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Wednesday, May 21, 2014

EVALUATING EMPLOYEES AND MANAGEMENT

BRYCE ON MANAGEMENT

- Two valuable forms for evaluating both management and the workers.

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Employee Evaluations

It has long been customary in business to periodically evaluate employee performance, such as 30 days after hiring, or at regular intervals, such as annually or bi-annually. The purpose is to have the manager assess the employee's strengths and weaknesses, and make recommendations for improvement. Such analysis can represent a source of consternation, particularly if it is a negative review, but the intent is to help the employee improve as a worker as opposed to assassinate his character. Reviewing an employee with malicious intent is just plain wrong, as is giving a rosy review, both are detrimental to communicating to the employee where they stand in the eyes of management and how they can improve themselves.

A variety of "Employee Evaluation Forms" have been devised over the years to document the review. We have used the same form for many years and have found it to be particularly useful (you can download it HERE). There are two ways of implementing the form; first, by having the manager prepare the form and review it with the employee. The second, it to have both the manager and employee complete separate copies of the form and compare the two. Inevitably, a disparity in the answers will emerge which will differentiate the manager's perspective versus the employee's. I personally prefer the latter approach and recommend it to my clients as it will cause the employee to think about the discrepancies.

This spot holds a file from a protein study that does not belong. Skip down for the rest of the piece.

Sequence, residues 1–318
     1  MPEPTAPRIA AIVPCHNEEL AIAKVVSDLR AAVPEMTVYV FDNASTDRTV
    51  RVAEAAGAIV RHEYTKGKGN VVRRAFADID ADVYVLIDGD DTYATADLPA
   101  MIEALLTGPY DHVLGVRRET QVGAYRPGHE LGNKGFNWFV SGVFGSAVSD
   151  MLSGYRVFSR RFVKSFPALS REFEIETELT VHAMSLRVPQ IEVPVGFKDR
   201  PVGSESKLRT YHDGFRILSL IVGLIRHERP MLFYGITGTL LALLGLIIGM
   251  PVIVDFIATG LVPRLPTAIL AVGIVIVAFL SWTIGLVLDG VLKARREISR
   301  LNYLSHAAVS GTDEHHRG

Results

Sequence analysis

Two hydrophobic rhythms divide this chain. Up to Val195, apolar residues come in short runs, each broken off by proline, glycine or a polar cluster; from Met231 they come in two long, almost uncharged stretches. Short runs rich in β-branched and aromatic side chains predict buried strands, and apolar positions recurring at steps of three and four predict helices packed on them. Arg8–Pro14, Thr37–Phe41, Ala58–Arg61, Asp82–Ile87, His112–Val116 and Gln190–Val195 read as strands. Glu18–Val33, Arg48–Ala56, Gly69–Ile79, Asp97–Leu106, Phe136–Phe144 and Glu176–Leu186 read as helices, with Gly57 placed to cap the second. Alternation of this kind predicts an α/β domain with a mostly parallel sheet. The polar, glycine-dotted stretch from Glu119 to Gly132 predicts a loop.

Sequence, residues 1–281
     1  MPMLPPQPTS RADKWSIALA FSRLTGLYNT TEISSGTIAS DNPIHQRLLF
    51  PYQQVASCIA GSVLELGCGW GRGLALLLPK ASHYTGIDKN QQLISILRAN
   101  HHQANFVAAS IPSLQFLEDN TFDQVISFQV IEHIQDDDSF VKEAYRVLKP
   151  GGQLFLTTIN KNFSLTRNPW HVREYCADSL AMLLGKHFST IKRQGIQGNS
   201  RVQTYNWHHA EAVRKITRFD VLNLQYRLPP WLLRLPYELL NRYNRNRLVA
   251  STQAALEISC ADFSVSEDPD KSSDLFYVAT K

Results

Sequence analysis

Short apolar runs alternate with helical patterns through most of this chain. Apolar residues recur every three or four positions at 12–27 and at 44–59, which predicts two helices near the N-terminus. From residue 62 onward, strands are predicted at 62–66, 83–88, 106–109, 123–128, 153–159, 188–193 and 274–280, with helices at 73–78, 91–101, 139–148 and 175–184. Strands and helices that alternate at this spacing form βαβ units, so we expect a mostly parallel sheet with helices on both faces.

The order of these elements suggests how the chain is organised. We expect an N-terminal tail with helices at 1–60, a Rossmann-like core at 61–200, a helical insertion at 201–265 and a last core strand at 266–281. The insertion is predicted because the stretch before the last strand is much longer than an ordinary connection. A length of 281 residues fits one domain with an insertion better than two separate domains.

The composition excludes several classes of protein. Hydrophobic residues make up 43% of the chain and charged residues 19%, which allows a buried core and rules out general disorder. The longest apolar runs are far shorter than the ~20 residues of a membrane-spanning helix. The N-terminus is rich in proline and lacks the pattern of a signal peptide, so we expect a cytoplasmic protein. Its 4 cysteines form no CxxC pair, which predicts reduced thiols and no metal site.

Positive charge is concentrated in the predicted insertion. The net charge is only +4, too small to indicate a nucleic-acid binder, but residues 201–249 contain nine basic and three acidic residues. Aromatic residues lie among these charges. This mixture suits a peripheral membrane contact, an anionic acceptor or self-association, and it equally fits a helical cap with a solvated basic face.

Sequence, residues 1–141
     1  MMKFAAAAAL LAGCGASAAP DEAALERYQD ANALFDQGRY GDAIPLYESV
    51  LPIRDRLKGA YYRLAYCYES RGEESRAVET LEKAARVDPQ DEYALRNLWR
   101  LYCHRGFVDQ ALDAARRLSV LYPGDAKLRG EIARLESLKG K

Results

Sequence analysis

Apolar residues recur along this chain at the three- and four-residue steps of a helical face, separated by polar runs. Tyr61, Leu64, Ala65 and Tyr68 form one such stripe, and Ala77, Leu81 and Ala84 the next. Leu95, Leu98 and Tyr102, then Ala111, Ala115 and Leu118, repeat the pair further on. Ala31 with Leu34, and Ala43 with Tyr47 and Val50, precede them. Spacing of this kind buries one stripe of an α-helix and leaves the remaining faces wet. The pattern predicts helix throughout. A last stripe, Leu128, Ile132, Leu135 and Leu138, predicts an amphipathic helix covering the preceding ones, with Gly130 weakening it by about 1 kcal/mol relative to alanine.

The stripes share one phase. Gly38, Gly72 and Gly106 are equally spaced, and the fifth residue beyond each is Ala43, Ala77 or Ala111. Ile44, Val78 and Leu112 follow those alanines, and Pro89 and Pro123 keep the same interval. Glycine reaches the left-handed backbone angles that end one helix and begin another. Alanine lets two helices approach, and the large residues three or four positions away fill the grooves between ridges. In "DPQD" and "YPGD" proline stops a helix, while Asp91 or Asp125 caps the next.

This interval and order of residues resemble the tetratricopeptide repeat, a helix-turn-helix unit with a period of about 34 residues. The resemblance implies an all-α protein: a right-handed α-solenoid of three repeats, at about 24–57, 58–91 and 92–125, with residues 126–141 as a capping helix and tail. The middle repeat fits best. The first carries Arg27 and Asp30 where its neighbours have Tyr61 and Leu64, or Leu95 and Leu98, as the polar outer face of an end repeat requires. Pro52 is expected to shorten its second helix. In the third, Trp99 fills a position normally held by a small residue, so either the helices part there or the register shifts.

I consider an "Employee Evaluation Form" an essential management tool regardless of the type or size of company, large or small. Such forms are also useful for keeping you out of employment lawsuits. If you prepare the form properly, and have the employee sign it to acknowledge its contents, the employee can never claim he/she was unaware a problem existed when terminated.

I admonish employees not to take the employee evaluation personally. Regardless of what the manager says, learn from the experience, and do not dismiss it as irrelevant. It is one of the few times you can have a heart-to-heart talk with your boss on the record.

Management Evaluations

Recognizing the benefits of the employee/manager comparison I devised a similar form to evaluate management, a "Management Evaluation Form." If the employee is willing to succumb to a personal evaluation of his/her job performance, it seems reasonable to have the employees evaluate management thereby representing a "bottom-up" approach for evaluating a particular manager or management in general. Such a concept though is somewhat avant-garde and controversial in the world of business, but I think a good one. Not long ago, I reported on a recent Gallup study entitled, "Why Great Managers Are So Rare." In it, Gallup found companies pick the wrong person as manager a whopping 82% of the time. So the need exists to consider the manager's abilities.